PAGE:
A day in the life of a product designer

Each job is unique, but in general, product designers face the following challenges:

1. They do extensive research

You can not fix an issue until you understand your user’s requirements, which is why product designers must be top specialists in this area. They must comprehend their users’ desires, requirements, objectives, and concerns… frequently utilising a psychological approach to better grasp their thought process as they traverse the site. As you would expect, this is a massive task, therefore product designers often collaborate with UX researchers, stakeholders, and product managers.

2. They create designs

The answer is in the job title: product designers are designers at heart. Once they have identified the issue, they begin brainstorming solutions, typically with an ideation session. Then they begin producing first-draft designs, which may comprise wireframes, drawings, mock-ups, and prototypes.

3. They test again and over.

Testing is a significant and crucial stage. It is the moment when you will find out whether your designs work as they should. A/B testing, tree testing, various internal tests, user tests, surveys, interviews, focus groups, and live betas are examples of tests. In many instances, it is a multi-stage procedure that includes all of the above.
The more you test, the better your product will be by the time you give it on to the client. Obviously, time and money are limitations here, so the product designer will often confer with the UX researcher to decide which mix of experiments would be most successful (and feasible).
When the results are in, the designer takes this input and creates another iteration of the design that is even more polished and more suited to the user’s requirements than the one before it.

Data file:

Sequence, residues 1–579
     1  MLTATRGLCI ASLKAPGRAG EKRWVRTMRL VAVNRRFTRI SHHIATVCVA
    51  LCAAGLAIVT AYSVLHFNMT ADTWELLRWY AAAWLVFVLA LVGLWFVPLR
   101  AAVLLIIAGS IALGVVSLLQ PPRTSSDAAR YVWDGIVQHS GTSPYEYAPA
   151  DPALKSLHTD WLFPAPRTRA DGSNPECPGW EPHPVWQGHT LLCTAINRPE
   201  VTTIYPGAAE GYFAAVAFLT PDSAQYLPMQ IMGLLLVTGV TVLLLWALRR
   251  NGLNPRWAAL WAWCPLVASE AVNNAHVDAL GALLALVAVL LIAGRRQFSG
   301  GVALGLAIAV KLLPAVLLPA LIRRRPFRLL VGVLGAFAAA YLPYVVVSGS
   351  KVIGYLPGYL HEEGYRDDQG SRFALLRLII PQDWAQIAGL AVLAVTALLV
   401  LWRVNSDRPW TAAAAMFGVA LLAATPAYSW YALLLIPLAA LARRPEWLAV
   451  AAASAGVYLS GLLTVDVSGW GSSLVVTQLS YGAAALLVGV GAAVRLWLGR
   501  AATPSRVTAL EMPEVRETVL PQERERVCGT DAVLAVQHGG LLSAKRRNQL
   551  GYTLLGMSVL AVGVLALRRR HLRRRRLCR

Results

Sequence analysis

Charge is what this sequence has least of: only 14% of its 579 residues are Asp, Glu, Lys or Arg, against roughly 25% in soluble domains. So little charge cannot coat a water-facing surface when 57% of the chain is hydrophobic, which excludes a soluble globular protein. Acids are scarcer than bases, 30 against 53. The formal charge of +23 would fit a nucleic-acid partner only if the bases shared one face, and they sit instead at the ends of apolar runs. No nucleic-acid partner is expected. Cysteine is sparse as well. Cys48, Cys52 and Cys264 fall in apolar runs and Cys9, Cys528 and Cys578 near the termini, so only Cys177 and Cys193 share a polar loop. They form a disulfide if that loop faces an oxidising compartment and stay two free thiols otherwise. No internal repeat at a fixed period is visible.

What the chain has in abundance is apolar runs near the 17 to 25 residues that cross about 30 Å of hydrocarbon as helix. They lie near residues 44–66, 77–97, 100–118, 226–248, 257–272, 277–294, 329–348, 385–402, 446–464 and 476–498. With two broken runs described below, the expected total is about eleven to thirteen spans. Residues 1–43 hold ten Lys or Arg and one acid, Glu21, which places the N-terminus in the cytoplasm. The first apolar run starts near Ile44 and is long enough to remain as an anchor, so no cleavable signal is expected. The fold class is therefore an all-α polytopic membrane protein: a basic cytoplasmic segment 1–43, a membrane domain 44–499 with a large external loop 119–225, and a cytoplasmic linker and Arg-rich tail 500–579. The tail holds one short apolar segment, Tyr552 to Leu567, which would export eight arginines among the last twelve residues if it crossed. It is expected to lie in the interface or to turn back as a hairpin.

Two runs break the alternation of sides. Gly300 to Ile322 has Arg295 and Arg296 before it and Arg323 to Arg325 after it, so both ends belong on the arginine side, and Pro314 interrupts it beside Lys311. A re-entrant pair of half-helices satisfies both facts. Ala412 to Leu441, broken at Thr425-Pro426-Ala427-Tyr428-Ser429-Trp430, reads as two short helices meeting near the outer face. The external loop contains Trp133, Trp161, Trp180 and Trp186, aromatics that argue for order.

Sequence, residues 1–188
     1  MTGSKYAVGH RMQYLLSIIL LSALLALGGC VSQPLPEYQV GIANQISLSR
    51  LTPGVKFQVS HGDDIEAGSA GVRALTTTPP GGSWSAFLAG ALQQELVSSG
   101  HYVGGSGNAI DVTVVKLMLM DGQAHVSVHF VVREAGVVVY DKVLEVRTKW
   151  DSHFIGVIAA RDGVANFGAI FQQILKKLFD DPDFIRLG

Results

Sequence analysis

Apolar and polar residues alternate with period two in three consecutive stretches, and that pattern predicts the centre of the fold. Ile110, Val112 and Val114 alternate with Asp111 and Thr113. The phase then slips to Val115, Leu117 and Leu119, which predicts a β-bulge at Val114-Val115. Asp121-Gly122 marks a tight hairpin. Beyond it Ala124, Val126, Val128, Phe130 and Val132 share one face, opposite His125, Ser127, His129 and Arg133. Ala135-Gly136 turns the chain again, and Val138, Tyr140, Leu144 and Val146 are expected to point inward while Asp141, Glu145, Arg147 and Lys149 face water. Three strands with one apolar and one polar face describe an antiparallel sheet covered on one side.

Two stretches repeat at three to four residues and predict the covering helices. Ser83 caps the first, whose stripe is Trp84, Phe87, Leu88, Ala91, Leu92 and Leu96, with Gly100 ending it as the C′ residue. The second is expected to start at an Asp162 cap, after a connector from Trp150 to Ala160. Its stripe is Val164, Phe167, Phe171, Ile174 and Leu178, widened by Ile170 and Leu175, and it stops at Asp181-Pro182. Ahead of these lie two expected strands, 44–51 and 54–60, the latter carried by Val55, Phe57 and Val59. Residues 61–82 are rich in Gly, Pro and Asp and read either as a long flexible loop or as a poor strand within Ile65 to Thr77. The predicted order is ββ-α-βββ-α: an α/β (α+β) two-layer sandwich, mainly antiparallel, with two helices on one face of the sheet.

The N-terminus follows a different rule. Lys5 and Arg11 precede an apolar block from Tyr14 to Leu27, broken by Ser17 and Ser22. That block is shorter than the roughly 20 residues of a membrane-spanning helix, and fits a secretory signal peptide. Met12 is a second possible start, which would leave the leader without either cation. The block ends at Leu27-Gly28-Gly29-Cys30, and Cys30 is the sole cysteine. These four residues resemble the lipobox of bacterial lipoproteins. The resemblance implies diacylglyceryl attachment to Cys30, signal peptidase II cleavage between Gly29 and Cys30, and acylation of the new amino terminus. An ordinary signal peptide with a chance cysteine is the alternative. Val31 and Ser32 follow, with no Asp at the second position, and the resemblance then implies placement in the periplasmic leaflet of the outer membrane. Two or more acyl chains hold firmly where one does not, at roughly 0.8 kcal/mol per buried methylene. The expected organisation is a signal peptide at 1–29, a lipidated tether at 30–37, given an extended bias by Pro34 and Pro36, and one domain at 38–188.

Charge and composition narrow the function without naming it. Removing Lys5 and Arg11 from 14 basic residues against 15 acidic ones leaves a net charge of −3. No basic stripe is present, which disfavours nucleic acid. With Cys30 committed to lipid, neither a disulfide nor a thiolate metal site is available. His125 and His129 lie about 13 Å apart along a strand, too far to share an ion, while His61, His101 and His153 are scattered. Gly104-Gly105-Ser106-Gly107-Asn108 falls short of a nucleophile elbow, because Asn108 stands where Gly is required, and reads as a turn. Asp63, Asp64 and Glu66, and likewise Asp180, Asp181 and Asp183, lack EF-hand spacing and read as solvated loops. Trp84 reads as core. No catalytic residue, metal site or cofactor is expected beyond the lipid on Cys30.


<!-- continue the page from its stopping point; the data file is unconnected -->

During the launch phase, the development team collaborates closely with the product designers in sprints to get the product ready. Additional tests are performed at this step to ensure that the product is fully bug-free.
The testing process does not stop after the product goes online, at least not for the product designers. Working closely with the UX researcher, they define certain key performance indicators (KPIs) that serve as success indicators. The team then gathers performance data, comments, and evaluations to determine if further changes are required in the next iteration, and the next, and so on.


The responsibilities of a UX designer and a product designer are almost identical. They both utilise the same diagramming tools and follow the same step design process. They also both create with the user’s requirements in mind. The main distinction between the two is their objectives. UX designers are innovators, providing a variety of choices with the user’s requirements in mind. Product designers are editors, always modifying designs to make the next one better than the previous. As with anything in the design industry, there is some overlap, and the positions will very likely change again over the next 10 years — but for now, this should make things a little clearer.